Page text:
Numerous studies provide evidence in support of this hypothesis. Not only are LPCs seen during the early stages of hepatocarcinogenesis, it has also been demonstrated that LPCs are cellular sources of hepatocellular carcinoma in animal models.2,34,46 Additionally, it has been shown that a proportion of precursor lesions and hepatocellular carcinomas express markers that are not present in mature hepatocytes. About half of the small cell dysplastic foci, the earliest pre-malignant lesions in human hepatocellular carcinoma, have been shown to be LPC-derived as judged by expression of markers such as CK7, C19 and OV-6.47 Furthermore, inactivation of the MYC oncogene in a murine model of hepatocellular carcinoma triggered their differentiation into normal hepatic lineages, including hepatocytes and biliary cells. Reactivation of the MYC oncogene resulted in hepatocytes and LPC transforming back to hepatocellular carcinoma cells, revealing their pluripotency and supporting the concept that hepatocellular carcinoma may originate from the maturation arrest of LPCs.48
Zender and co-workers recently strengthened the hypothesised relationship between tissue-specific stem or progenitor cells and hepatocellular carcinoma by demonstrating that LPCs, which had been genetically manipulated ex vivo by retroviral gene transfer of oncogenes, rapidly produced liver tumours upon transplantation into conditioned recipient mice, which histopathologically resembled human hepatocellular carcinoma.49 While it has been very difficult to determine the exact origin of any specific hepatocellular carcinoma, there is likely more than one potential target cell for transformation and hepatocarcinogenesis. The available data suggest that poorly differentiated hepatocellular carcinomas most likely originate from LPCs and have a poorer, more aggressive progression than well-differentiated cancers, which might be derived from mature hepatocytes.50,51 Furthermore, a side population of cells in human hepatocellular carcinoma cell lines, which show both biliary and hepatocytic characteristics, was highly proliferative and found to give rise to persistently aggressive tumours on serial transplantation into immunodeficient non-obese diabetic/severe combined immunodeficient mice.52
Much evidence has been gathered demonstrating that hepatocellular carcinoma can arise from dysregulated LPC maturation and proliferation during chronic liver injury in humans and in animal models of liver disease and carcinogenesis. The carcinogenic and fibrogenic processes are amenable to manipulation by agents which interfere with LPC proliferation and differentiation. These approaches may be useful for future therapeutic approaches for the prevention of hepatocellular carcinoma.
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23. Knight B, Tirnitz-Parker JE, Olynyk JK. C-kit inhibition by imatinib mesylate attenuates progenitor cell expansion and inhibits liver tumor formation in mice. Gastroenterology. 2008;135:969-979, 979 e961.
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28. Matthews VB, Knight B, Tirnitz-Parker JE, Boon J, Olynyk JK, Yeoh GC. Oncostatin M induces an acute phase response but does not modulate the growth or maturation-status of liver progenitor (oval) cells in culture. Exp Cell Res. 2005;306:252-263.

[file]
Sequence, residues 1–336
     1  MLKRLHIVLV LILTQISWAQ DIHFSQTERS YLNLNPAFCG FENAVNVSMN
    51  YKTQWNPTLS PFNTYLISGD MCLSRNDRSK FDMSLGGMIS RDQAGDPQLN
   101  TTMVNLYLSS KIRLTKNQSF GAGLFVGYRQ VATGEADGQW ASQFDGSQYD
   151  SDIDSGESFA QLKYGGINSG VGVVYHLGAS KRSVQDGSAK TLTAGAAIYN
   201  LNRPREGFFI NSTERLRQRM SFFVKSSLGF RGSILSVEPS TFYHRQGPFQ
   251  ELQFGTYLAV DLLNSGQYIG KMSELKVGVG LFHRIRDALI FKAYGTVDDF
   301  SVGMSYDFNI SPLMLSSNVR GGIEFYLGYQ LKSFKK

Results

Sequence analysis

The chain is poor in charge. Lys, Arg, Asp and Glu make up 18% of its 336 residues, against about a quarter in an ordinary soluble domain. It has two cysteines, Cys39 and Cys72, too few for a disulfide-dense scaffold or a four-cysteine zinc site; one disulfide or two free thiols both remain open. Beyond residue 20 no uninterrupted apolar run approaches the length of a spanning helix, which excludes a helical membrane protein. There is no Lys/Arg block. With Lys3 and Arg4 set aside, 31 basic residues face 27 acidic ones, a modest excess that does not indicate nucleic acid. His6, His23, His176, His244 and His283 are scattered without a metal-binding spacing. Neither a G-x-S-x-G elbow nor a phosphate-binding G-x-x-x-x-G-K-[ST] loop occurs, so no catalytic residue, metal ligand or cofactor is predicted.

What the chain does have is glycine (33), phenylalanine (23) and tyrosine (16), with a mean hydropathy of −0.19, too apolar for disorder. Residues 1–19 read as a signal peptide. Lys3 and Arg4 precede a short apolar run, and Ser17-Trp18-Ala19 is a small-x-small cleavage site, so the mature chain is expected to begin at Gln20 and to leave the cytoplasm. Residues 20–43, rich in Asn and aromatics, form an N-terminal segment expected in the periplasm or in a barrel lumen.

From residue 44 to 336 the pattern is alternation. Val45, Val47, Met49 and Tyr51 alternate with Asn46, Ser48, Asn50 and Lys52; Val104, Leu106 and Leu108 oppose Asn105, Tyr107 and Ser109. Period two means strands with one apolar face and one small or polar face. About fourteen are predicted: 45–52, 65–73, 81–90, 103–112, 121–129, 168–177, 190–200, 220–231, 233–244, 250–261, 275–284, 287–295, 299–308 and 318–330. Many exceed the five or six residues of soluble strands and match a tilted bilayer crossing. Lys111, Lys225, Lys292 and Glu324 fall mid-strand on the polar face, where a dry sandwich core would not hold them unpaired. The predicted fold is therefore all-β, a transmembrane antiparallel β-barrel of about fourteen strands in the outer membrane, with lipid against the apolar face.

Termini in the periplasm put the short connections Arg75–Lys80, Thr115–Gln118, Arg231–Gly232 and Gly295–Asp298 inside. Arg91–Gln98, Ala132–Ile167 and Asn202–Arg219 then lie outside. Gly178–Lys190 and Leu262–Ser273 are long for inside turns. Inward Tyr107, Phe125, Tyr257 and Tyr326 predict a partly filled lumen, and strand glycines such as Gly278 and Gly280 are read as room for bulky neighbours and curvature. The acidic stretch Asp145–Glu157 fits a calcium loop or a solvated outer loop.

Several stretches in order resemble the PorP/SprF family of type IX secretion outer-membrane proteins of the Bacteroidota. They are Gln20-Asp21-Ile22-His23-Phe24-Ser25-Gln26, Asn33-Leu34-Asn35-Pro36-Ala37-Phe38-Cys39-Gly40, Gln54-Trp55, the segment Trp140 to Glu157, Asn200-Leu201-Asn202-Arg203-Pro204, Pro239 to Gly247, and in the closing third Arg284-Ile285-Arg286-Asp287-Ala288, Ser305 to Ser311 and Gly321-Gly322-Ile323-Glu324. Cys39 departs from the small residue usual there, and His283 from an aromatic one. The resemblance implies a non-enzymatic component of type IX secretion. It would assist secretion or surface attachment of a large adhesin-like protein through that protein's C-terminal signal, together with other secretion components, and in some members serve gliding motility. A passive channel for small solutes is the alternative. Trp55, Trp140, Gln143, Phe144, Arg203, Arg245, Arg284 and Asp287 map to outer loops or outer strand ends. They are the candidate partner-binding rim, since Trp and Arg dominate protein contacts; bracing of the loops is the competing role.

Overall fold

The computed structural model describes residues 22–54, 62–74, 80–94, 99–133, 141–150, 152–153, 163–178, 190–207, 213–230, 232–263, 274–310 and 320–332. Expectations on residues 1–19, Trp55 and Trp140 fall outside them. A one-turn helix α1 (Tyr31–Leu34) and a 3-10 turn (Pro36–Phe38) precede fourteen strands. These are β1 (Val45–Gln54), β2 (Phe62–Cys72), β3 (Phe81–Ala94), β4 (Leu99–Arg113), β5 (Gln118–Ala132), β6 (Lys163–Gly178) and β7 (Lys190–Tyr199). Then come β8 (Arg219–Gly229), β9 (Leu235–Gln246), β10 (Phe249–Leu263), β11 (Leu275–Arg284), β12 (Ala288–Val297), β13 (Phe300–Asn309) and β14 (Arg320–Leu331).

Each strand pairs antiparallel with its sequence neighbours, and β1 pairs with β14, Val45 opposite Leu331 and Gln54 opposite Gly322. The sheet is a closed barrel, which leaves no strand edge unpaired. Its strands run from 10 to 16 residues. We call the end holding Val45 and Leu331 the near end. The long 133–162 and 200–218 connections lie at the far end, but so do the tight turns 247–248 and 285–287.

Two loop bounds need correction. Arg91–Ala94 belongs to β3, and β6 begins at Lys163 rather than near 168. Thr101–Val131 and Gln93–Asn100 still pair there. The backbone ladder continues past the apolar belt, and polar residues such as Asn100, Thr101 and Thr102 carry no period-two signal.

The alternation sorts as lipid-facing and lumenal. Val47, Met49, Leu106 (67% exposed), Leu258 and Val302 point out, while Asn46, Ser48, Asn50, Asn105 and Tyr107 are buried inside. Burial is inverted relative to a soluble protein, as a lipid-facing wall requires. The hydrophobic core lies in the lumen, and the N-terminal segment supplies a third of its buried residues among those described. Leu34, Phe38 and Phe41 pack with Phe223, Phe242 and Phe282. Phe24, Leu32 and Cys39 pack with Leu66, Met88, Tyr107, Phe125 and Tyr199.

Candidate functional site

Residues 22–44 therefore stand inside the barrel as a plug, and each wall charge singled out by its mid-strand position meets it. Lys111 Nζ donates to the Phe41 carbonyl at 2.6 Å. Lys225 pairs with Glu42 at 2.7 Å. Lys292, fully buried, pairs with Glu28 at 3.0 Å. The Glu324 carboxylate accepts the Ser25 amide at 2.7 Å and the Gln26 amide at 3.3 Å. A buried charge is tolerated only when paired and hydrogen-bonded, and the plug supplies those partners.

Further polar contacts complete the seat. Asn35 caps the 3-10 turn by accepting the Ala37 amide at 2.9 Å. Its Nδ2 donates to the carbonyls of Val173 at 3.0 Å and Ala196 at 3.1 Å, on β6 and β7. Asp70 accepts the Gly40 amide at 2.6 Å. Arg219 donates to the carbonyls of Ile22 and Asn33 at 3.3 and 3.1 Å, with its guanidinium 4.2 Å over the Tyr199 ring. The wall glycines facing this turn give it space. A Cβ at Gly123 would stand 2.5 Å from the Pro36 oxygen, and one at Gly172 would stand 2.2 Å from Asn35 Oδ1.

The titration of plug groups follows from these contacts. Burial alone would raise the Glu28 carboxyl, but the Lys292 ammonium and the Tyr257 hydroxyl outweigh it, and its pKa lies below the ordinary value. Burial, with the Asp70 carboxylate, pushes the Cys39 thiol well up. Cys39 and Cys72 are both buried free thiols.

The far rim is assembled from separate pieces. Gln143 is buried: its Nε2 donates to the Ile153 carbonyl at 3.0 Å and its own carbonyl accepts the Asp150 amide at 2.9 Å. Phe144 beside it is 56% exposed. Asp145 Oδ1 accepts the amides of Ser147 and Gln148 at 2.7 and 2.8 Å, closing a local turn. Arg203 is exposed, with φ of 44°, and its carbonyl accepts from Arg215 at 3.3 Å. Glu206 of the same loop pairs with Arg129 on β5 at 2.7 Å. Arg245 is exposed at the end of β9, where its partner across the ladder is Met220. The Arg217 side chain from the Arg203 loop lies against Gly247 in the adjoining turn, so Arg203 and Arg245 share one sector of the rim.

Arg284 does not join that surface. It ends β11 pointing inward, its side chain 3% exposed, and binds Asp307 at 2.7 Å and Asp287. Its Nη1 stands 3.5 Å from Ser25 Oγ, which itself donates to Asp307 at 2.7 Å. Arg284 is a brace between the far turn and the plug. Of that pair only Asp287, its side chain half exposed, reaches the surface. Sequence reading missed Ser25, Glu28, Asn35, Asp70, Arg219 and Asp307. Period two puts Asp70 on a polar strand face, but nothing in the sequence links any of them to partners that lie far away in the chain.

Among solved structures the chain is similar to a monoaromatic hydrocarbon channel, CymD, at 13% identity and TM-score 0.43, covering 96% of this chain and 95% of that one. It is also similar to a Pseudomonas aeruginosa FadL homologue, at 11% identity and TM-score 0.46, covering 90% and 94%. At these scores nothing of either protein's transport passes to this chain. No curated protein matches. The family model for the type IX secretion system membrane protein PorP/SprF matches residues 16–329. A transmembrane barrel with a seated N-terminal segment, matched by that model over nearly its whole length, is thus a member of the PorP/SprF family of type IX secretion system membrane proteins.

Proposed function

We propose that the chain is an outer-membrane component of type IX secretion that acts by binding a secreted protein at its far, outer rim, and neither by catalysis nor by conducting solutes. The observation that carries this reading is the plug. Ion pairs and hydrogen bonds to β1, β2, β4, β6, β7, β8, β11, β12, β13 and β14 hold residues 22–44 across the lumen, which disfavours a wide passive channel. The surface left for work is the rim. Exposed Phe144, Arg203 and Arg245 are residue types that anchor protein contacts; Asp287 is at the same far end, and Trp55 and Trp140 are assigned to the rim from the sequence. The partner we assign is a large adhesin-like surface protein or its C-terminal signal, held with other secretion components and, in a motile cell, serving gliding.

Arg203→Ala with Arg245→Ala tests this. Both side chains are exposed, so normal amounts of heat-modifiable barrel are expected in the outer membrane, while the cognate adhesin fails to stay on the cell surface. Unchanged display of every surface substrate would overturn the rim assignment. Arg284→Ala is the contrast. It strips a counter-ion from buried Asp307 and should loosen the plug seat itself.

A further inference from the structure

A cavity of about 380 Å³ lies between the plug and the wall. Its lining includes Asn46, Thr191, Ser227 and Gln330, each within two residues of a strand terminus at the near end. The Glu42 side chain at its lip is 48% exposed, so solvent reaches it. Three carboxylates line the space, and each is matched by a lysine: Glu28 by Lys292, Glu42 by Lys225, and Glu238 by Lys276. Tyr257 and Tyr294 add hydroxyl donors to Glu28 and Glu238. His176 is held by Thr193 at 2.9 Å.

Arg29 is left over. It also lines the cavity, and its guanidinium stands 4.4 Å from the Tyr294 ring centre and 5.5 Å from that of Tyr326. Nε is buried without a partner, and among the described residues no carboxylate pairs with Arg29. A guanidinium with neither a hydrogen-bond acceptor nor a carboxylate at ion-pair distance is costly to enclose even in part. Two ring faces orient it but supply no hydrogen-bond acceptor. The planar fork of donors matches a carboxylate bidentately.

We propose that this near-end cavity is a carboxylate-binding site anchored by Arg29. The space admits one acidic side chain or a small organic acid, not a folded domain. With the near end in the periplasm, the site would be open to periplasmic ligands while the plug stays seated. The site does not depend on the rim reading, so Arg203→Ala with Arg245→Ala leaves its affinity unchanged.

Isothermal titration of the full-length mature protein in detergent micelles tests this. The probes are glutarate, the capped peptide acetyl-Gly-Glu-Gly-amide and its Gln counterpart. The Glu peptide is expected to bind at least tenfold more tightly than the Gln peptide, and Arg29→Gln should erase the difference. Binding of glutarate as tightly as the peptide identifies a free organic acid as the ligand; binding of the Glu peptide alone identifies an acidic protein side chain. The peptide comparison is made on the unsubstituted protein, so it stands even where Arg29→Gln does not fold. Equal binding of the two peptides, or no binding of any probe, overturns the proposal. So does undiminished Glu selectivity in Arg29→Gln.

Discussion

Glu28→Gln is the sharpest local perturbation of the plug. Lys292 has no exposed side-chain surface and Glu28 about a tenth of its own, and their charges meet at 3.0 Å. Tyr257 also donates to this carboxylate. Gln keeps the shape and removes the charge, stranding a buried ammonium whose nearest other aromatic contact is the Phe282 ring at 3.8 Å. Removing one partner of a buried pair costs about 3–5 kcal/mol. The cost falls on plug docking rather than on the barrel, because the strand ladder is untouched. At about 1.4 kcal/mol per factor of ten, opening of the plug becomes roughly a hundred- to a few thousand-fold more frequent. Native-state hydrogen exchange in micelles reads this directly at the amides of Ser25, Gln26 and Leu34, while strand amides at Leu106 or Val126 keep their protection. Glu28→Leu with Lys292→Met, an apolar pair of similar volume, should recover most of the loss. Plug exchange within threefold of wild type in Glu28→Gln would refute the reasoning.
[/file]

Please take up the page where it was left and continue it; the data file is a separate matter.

30. Yang L, Jung Y, Omenetti A, Witek RP, Choi S, Vandongen HM, et al. Fate-mapping evidence that hepatic stellate cells are epithelial progenitors in adult mouse livers. Stem Cells. 2008;26:2104-2113.
31. Ruddell RG, Knight B, Tirnitz-Parker JE, Akhurst B, Summerville L, Subramaniam VN, Olynyk JK, et al. Lymphotoxin-beta receptor signaling regulates hepatic stellate cell function and wound healing in a murine model of chronic liver injury. Hepatology. 2009;49:227-239.
34. Dumble ML, Croager EJ, Yeoh GC, Quail EA. Generation and characterization of p53 null transformed hepatic progenitor cells: oval cells give rise to hepatocellular carcinoma. Carcinogenesis. 2002;23:435-445.
36. Uenishi T, Kubo S, Hirohashi K, Yamamoto T, Ogawa M, Tanaka H, et al. Expression of bile duct-type cytokeratin in hepatocellular carcinoma in patients with hepatitis C virus and prior hepatitis B virus infection. Cancer Lett. 2002;178:107-112.
38. Hixson DC, Brown J, McBride AC, Affigne S. Differentiation status of rat ductal cells and ethionine-induced hepatic carcinomas defined with surface-reactive monoclonal antibodies. Exp Mol Pathol. 2000;68:152-169.
43. Gournay J, Auvigne I, Pichard V, Ligeza C, Bralet MP, Ferry N. In vivo cell lineage analysis during chemical hepatocarcinogenesis in rats using retroviral-mediated gene transfer: evidence for dedifferentiation of mature hepatocytes. Lab Invest. 2002;82:781-788.
48. Shachaf CM, Kopelman AM, Arvanitis C, Karlsson A, Beer S, Mandl S, et al. MYC inactivation uncovers pluripotent differentiation and tumour dormancy in hepatocellular cancer. Nature. 2004;431:1112-1117.
49. Zender L, Xue W, Cordon-Cardo C, Hannon GJ, Lucito R, Powers S, et al. Generation and analysis of genetically defined liver carcinomas derived from bipotential liver progenitors. Cold Spring Harb Symp Quant Biol. 2005;70:251-261.
50. Ding SJ, Li Y, Tan YX, Jiang MR, Tian B, Liu YK, et al. From proteomic analysis to clinical significance: overexpression of cytokeratin 19 correlates with hepatocellular carcinoma metastasis. Mol Cell Proteomics. 2004;3:73-81.
51. Chen ZM, Crone KG, Watson MA, Pfeifer JD, Wang HL. Identification of a unique gene expression signature that differentiates hepatocellular adenoma from well-differentiated hepatocellular carcinoma. Am J Surg Pathol. 2005;29:1600-1608.
52. Chiba T, Kita K, Zheng YW, Yokosuka O, Saisho H, Iwama A, et al. Side population purified from hepatocellular carcinoma cells harbors cancer stem cell-like properties. Hepatology. 2006;44:240-251.